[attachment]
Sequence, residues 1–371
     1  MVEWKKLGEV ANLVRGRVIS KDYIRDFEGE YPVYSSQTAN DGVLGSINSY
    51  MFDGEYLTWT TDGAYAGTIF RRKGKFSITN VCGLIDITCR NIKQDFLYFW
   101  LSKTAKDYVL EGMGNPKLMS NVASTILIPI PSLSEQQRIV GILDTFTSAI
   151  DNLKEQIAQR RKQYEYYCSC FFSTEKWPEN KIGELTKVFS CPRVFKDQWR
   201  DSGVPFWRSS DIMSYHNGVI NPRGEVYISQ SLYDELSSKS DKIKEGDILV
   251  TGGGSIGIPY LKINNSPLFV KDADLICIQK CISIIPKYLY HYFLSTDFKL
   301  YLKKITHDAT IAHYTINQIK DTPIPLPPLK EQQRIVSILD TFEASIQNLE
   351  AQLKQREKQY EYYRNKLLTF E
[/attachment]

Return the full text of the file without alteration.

Sequence, residues 1–371
     1  MVEWKKLGEV ANLVRGRVIS KDYIRDFEGE YPVYSSQTAN DGVLGSINSY
    51  MFDGEYLTWT TDGAYAGTIF RRKGKFSITN VCGLIDITCR NIKQDFLYFW
   101  LSKTAKDYVL EGMGNPKLMS NVASTILIPI PSLSEQQRIV GILDTFTSAI
   151  DNLKEQIAQR RKQYEYYCSC FFSTEKWPEN KIGELTKVFS CPRVFKDQWR
   201  DSGVPFWRSS DIMSYHNGVI NPRGEVYISQ SLYDELSSKS DKIKEGDILV
   251  TGGGSIGIPY LKINNSPLFV KDADLICIQK CISIIPKYLY HYFLSTDFKL
   301  YLKKITHDAT IAHYTINQIK DTPIPLPPLK EQQRIVSILD TFEASIQNLE
   351  AQLKQREKQY EYYRNKLLTF E